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FOR IMMEDIATE RELEASE
April 29, 2008

Gov. Blagojevich announces major cost savings from more efficient care management in Medicaid program
First year of Primary Care Case Management and Disease Management program has resulted in consistent, appropriate care for clients that avoids costly emergency room visits and hospitalizations; paid for first year costs of All Kids expansion

CHICAGO – Governor Rod R. Blagojevich today announced that the Illinois Department of Healthcare and Family Services (HFS) achieved $34 million in net savings during fiscal year 2007 through more efficient management of its medical programs. The savings resulted from the implementation of a Primary Care Case Management program and a Disease Management program for the almost 1.7 million individuals who receive their healthcare through HFS medical programs, which includes the state’s Medicaid program. Those savings will pay for the first year of the All Kids expansion, which increased eligibility from 200 percent of the federal poverty level to all uninsured children and cost $22.8 million in fiscal year 2007. 
 
“People are healthier when they have access to primary care doctors who can provide regular checkups and preventative care. That good health also translates to the rest of the healthcare system, where we can work to keep our medical costs down,” said Governor Blagojevich. “In Illinois, we are leading the nation not only by providing healthcare to those in need, but also in implementing programs that work to keep our medical costs in check.”
 
The Primary Care Case Management and Disease Management programs work in concert to prevent inappropriate and costly emergency room visits or hospitalizations by assigning each client a “medical home” where they can receive regular ongoing care. For those patients with various chronic diseases – from coronary artery disease, to asthma to depression – the Disease Management program provides more intensive care coordination to manage patients’ diseases while decreasing hospitalizations and emergency room visits. 
 
Both the Disease Management and Primary Care Case Management programs were launched in July 2006. Statewide implementation of the Primary Care Case Management program, called Illinois Health Connect, was conducted in phases and enrollments concluded in November 2007. All medical program participants were asked to select a medical home for ongoing care coordination or one was assigned to them. About 1.7 million beneficiaries statewide are participating in Illinois Health Connect.
 
The statewide Disease Management program, called Your Healthcare Plus, provides additional support to about 220,000 clients - including disabled adult Medicaid beneficiaries, children with asthma and frequent emergency department users - and is one of the largest and most comprehensive programs of its kind in the country. No other state has tried to implement disease management in a metropolitan area as large as Chicago, and no other state has realized annual savings as significant as Illinois’.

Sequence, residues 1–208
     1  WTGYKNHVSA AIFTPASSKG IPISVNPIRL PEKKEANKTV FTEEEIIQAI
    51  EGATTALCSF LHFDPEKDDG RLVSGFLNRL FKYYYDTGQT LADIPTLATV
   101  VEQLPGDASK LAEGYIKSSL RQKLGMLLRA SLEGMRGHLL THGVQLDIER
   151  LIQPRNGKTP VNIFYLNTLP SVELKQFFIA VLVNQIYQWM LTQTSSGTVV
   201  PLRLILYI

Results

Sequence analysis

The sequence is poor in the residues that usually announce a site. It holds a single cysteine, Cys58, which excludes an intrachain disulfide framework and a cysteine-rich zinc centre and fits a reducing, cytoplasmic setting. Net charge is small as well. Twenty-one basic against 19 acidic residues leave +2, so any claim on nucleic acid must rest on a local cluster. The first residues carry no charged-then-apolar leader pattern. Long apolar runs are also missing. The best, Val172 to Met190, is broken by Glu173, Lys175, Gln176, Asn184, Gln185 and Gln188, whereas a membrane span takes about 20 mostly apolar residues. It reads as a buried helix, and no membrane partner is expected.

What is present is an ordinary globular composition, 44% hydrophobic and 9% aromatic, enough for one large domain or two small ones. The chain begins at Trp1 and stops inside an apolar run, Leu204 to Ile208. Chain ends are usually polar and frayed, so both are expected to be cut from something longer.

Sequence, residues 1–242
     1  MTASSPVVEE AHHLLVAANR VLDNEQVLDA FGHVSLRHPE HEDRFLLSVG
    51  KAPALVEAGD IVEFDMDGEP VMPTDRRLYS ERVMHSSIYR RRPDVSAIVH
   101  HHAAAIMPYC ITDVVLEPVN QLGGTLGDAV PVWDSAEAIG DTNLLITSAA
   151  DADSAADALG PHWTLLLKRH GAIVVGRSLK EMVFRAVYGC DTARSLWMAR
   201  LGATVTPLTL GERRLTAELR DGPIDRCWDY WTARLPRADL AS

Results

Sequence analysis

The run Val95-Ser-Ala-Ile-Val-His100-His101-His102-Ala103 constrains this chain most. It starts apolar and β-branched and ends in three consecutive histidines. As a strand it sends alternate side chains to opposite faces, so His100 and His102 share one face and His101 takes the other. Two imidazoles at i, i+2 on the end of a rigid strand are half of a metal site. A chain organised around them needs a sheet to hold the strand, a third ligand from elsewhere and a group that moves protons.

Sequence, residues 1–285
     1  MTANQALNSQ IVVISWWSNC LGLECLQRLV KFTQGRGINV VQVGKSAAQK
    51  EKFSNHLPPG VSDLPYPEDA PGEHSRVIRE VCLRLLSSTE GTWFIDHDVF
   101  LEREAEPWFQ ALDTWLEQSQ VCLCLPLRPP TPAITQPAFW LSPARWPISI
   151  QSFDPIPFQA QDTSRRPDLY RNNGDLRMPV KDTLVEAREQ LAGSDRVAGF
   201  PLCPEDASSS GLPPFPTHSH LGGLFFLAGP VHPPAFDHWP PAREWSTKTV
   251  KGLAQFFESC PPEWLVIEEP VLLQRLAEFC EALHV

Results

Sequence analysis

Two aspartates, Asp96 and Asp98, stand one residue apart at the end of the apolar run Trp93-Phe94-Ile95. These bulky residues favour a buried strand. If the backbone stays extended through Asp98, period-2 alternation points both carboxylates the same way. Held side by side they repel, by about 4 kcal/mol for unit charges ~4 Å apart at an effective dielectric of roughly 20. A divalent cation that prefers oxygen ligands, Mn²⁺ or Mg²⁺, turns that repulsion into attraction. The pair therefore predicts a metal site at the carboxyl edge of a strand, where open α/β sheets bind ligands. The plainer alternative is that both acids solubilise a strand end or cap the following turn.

The program takes a comprehensive approach to client needs, assessing and supporting all of a member’s chronic healthcare conditions to reduce the incidence of costly medical crises. For example, health professionals help participants gain better control of their situation by working with clients on issues that range from food and housing to managing multiple chronic health conditions. Nurses and social workers work closely with healthcare providers to ensure participants get help they need. As a result, during the program’s first year, Your Healthcare Plus lowered inappropriate inpatient and emergency department admissions, and improved key clinical indicators for clients, which helped result in the savings. 
 
Savings figures are calculated through a complex set of formulas that estimate the average cost of a client prior to the programs and compare that figure to the average cost of a client after the programs have been implemented. The net savings figure of $34 million is on top of the cost of the increased care coordination. 
 
“Both of these programs represent a major change in the way the state delivers health care,” said Illinois Department of Healthcare and Family Services Director Barry Maram. “Instead of just determining eligibility and paying medical bills, the state is now an active participant in the process, to make sure that our clients are getting regular checkups and preventative care. By targeting efforts to those with chronic disease we are further reducing the number of unnecessary and costly hospital stays and emergency room visits.”
 
Through extensive outreach efforts, Illinois Health Connect has enrolled more than 5,200 medical homes, which includes physicians and Federally Qualified and Rural Health Centers. These medical homes provide enough capacity to serve 5.3 million patients, which more than exceeds the eligible clients statewide. In almost all counties throughout Illinois, the capacity for patients is more than double than what is needed to serve clients in that area. Such availability provides options for clients when choosing their medical home.


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